I’m rewriting Moderator (yet another command-line argument parser), and with Swift now being available for both OS X and Linux (Ubuntu) it should support a syntax which enables applications to fit in on both platforms.
POSIX* is I think the closest thing to a standard for this, so it will be the basis, with some modifications (The Python documentation also has some good insights).
* OS X is POSIX compliant and so is Linux (mostly).
Did not post anything last week, as I have been busy moving the site over to BlueHost and setting up a new theme. All because I wanted Swift code highlighting, and WordPress.com doesn’t support that. This of course took a lot longer than anticipated, but it’s finally done and if I do say so myself the new theme is simpler and easier to read. So all in all it was worth it.
Fabián Cañas demonstrates something similar to mixins in Swift (for operators):
By defining types (and protocols) around capabilities, and writing functions that target those capabilities, we end up with cleaner and remarkably reusable code when compared to implementing functionality targeting a specific type. The bulk of our final implementation has nothing to do with distances, time intervals, apples, oranges, or anything else. It reads more like a set of statements of fact that any future programmer could adopt if they so chose.
Russ Bishop has a clarifying post about Swift protocols and generics:
Type parameters force everyone to know the types involved and specify them repeatedly (when you compose with them it can also lead to an explosion in the number of type parameters). They're part of the public interface. The code that uses the concrete thing (class/struct/enum) makes the decision about what types to select.
By contrast an associated type is part of the implementation detail. It's hidden, just like a class can hide its internal ivars. The abstract type member is for the concrete thing (class/struct/enum) to provide later. You select the actual type when you adopt the protocol, not when you instantiate the class/struct. It leaves control over which types to select in a different set of hands.
But I do think he is too harsh on the functional programming hipster kids.
When creating a new project in Xcode it is best to leave the “Create Git repository” box unchecked because it will immediately add all files to Git, including those that are specific to you and are of no interest to anyone else. Instead you can run this script from the project folder, which will add only the files that should be under version control:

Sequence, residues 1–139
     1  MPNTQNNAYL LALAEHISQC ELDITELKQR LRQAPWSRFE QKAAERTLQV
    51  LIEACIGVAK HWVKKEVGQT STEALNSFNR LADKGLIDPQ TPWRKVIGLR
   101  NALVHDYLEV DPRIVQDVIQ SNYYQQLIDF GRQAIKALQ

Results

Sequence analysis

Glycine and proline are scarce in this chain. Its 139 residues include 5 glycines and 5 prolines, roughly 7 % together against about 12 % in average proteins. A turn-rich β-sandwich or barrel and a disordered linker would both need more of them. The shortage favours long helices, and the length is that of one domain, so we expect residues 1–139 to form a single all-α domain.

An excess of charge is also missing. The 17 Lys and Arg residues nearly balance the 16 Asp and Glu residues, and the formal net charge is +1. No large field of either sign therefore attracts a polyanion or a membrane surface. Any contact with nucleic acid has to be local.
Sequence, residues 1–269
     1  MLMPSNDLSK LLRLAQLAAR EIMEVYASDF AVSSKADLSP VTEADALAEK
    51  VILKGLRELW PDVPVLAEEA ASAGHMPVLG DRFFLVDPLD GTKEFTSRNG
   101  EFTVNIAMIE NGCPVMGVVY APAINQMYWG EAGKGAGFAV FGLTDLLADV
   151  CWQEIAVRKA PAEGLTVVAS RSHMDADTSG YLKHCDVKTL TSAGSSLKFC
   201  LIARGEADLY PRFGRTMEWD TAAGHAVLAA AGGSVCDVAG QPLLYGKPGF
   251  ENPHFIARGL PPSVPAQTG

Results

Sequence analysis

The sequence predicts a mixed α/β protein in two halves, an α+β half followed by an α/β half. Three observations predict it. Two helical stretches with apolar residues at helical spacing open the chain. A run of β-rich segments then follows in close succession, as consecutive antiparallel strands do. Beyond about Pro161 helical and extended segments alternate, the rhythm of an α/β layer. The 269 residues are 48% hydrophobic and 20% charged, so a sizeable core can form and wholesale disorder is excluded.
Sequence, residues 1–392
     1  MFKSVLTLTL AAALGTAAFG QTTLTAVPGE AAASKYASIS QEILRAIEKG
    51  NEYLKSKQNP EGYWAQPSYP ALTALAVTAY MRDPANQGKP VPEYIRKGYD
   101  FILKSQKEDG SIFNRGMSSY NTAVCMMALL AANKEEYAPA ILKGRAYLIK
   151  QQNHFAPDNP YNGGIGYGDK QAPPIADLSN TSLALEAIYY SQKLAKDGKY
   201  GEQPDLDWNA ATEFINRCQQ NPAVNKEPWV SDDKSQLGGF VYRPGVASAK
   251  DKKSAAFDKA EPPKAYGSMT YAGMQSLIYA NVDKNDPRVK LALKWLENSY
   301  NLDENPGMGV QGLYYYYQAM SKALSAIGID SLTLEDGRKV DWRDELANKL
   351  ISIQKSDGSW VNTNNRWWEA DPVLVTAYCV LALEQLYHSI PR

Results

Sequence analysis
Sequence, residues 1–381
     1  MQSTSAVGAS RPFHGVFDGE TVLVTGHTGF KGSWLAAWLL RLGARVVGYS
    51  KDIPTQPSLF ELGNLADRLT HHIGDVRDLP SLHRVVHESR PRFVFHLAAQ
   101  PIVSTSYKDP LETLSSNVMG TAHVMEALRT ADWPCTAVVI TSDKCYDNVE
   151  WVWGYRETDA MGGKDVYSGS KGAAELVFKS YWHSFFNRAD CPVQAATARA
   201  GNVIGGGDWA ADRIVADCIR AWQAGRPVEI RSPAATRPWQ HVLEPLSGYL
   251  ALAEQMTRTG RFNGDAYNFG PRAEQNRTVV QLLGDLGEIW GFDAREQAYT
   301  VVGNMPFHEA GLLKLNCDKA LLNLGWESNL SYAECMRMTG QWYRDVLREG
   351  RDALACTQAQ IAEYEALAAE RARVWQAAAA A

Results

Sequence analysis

Integrated Writing Environment:
Like the Integrated Development Environments (IDE) programmers use, it tries to provide writers with all the tools they need, and lets them adapt it to their workflow.
Semantic Text Editor:
It lets you describe what the text means as opposed to how it looks.
This term is normally used for Word, OpenOffice, Pages etc, but these are more page layout applications than literally “word processors”. TextSmith, with its various plug-ins for importing, transforming and exporting text, can literally perform “word processing”.
But the best description is probably just “Writing Application” (as in; an application for writing).
I usually write new ideas into the Things app on my iPhone straight away, but sometimes it’s better to just dictate into the Voice Memo app instead of typing. Here’s how you automatically add those voice memos to the Things inbox:
My idea of the perfect device would essentially be an iPod touch with a screen the size of an A4 sheet of paper. It would be brilliant for surfing the web and reading e-books and PDF’s. Anyone who’s tried to do that on an iPhone or an iPod touch would appreciate not having to scroll for every paragraph. And in addition to running iPhone apps it should be able to remote control a Mac. Just imagine sitting in the living room and using Front Row on this thing. Not to mention playing an adventure game. Only problem is with a touch-screen that big it would probably end up costing as much as a desktop computer. So we probably won’t see it for a couple of years.
But eventually it will be made. It’s just too obvious and idea for it not to.
Hi, and welcome to my blog. It will almost exclusively be about programming (iPhone-programming to be specific), so if that’s not your particular cup of tea then you’re probably better off with this one. I’m aiming for two or three posts a month, so hopefully I won’t be contributing too much to the unread count of your RSS reader.
PS: I know I’m using the default theme for WordPress, but I really like it and I’ve only seen one other blog using it. If I should happen to come across a better one I might change, but for now I’m happy with this one.